It’s one of those happy coincidences: Many of the flavors we like best come from herbs and spices that are also good for our health. And these daily herbs can affect more than just daily health problems. Oregano, for example, is an effective bacteria fighter. And turmeric, which adds a punch to Indian food, can relieve joint pain and asthma.
But the good news only extends so far: A fragrant pizza or a spicy curry is not the best way to take advantage of this nutritional bonanza. For herbs they are an area in which advice to the norm get their nutrients from the food instead of pills whenever possible-regardless applies always. In most cases, you simply can not get a high enough dose of what’s on your plate to give you maximum health benefit.
Sometimes, an herbal tea may help, but often you may have to go for a real supplement. Here are six herbs better than the pills that should be part of your kitchen cabinet and advice on the best way to use them.
Turmeric (Curcuma longa)
What is good for: This staple of Indian cuisine is a powerful anti-inflammatory. Some studies suggest that it works to relieve the pain of osteoarthritis and rheumatoid arthritis. It can also help with other inflammatory conditions, such as tendonitis, and can even protect the heart, given what we now know about the role of inflammation in heart disease.
The best dosage form and: Unlike many basic spice rack foods, you can get a therapeutic dose of turmeric from your food. A pinch per serving is all you need, says Reenita Malhotra, an Ayurvedic doctor in San Jose, California. In supplement form, take 4 grams of turmeric daily.
Warnings: Because turmeric powder is a powerful herb to cleanse the blood, use it in moderation.
Ginger (Zingiber officinale)
What is good for: As a natural anti-nausea remedy, this tasty root has few equal. Most research shows that it is effective against morning sickness and nausea after chemotherapy, and in several studies it was even better than Dramamine in the prevention of movement sickness.
The best form and dosage: For dizziness, take 500 mg of the powder extract 30 minutes before traveling, and then every four hours until the end of your trip. Or prepare an infusion (in which you let the tea steep for ten to 15 minutes) by adding 1¼4 to 1 gram of ginger to the boiling water; Drink up to three times a day.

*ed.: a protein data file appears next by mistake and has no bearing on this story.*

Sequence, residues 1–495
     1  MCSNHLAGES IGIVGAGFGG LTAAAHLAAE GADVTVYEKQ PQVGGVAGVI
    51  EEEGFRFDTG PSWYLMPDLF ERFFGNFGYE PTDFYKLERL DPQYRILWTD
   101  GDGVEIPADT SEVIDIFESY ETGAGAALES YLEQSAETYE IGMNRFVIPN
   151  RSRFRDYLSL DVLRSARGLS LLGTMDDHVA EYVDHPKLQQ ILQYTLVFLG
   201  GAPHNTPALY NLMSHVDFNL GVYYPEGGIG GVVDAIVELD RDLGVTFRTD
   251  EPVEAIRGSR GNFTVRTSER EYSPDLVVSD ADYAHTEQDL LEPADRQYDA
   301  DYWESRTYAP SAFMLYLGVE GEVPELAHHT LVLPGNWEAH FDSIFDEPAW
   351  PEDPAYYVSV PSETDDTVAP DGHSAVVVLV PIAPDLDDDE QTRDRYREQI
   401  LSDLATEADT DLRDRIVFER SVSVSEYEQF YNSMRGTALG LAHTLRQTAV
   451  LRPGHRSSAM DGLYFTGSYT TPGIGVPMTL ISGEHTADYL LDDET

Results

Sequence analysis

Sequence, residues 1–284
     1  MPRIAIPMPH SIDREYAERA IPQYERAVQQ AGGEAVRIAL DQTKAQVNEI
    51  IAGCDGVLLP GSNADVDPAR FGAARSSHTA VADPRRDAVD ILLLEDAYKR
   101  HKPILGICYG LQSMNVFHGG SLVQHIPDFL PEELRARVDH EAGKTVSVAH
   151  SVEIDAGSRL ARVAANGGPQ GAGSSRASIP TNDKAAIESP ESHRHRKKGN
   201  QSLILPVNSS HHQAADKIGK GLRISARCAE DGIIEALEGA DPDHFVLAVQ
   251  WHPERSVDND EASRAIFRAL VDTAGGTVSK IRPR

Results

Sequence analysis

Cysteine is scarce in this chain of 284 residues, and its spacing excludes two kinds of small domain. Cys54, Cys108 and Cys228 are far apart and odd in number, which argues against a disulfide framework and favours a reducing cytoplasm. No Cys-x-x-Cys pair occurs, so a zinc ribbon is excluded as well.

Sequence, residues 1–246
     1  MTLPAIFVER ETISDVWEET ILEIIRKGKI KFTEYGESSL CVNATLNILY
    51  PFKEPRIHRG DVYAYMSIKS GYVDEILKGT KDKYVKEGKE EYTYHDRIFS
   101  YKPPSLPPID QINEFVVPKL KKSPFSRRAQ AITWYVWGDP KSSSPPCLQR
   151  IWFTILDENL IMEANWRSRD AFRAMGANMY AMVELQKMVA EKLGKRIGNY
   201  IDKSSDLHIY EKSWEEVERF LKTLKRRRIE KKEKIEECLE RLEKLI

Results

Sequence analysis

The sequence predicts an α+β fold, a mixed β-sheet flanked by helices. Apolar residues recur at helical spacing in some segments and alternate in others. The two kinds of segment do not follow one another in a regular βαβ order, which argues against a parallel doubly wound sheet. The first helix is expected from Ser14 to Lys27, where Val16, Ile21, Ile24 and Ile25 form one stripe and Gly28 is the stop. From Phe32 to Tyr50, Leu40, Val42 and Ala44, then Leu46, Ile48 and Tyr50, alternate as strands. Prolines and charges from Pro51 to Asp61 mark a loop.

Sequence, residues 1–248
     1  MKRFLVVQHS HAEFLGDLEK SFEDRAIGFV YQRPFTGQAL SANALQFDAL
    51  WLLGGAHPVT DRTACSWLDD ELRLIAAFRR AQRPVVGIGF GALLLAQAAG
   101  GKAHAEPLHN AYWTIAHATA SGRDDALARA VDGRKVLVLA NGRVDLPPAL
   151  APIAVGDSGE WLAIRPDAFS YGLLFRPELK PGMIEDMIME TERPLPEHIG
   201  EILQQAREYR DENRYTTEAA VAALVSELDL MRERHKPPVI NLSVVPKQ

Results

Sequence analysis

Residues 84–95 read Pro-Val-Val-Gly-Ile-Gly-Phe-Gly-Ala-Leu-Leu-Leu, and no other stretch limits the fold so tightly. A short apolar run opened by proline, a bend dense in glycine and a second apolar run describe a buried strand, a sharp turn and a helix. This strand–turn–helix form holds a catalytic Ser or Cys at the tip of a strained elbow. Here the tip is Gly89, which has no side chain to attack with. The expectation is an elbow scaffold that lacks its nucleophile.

Warnings: Do not exceed 2 grams of ginger per day if you are pregnant, and if you have a tendency to heartburn, you can take it with food.
Garlic (Allium sativum)
What’s good for: The spicy and popular bulb is particularly heart-friendly: In several studies, patients with atherosclerosis who took garlic significantly reduced plaque in the arteries, says Mark Blumenthal, founder and CEO of the Austin , Texas- based American Botanical Council. “Garlic slightly lowers LDL, or bad cholesterol and increases HDL, the good kind,” he explains. “It also reduces blood pressure and reduces the chance of a stroke, since less plaque means there is less chance that the pieces will break off from the walls of the arteries and lodge in the brain or heart.”
The best form and dosage: For the health of the arteries, take 200 to 300 milligrams of standardized garlic powder three times a day.
Warnings: If you regularly take aspirin or warfarin (Coumadin), do not add extra garlic, as it can dilute the blood too much. “For the same reason, stop taking garlic one to two weeks before surgery,” says James Snow, president of the herbal division of the botanical healing program at the Sophia Tai Institute in Laurel, Maryland.
Mint (Mentha x piperita)
What is good for: You would be hard pressed to find an herb that calms the stomach better than mint (hence mint after dinner). “It’s great for any type of digestive upset,” says Bunting. And peppermint oil, which comes in enteric-coated capsules, is one of the most effective natural treatments for irritable bowel syndrome (IBS). Because the capsules are coated, as they pass through the stomach and in the intestines, where they have an antispasmodic effect on the muscles that decomposes during IBS, leading to diarrhea and / or constipation, main symptoms of the disease .
The best way and dosage: For run-of-the-mill upset stomach, plain peppermint tea can help age.To treat IBS, take a capsule containing 0.2 milliliters of essential peppermint oil one to three times a day. day with water and before meals.
Warnings: “Peppermint will cause heartburn and worsen acid reflux in some people,” says Snow. If you experience any of these problems, stop taking the herb.
Salvia (Salvia officinalis)
What’s good for: Sage has long been thought of as a brain-wise reinforcement in traditional herbal medicine, it turns out, since research is adding credibility to this ancestral use. In a small British study of healthy adults, participants who took capsules of Spanish salvia oil obtained better results in a test of reminder words than those of a control group. A compound in the plant appears to inhibit the same enzyme that is attacked by medications used to treat memory loss in patients with Alzheimer’s disease (although so far no one has studied the effect of the herb in real Alzheimer’s patients).
Sage is also a classic remedy for sore throat due to its antiseptic action, says Bunting.
The best form and dosage: Alzheimer’s patients should take 30 drops of the liquid extract two to three times a day, Bunting says, as can a healthy person who is looking to stay in shape. For sore throat, try some sage tea or gargle with a very diluted solution of liquid (10 to 20 drops) dissolved in a cup of warm water.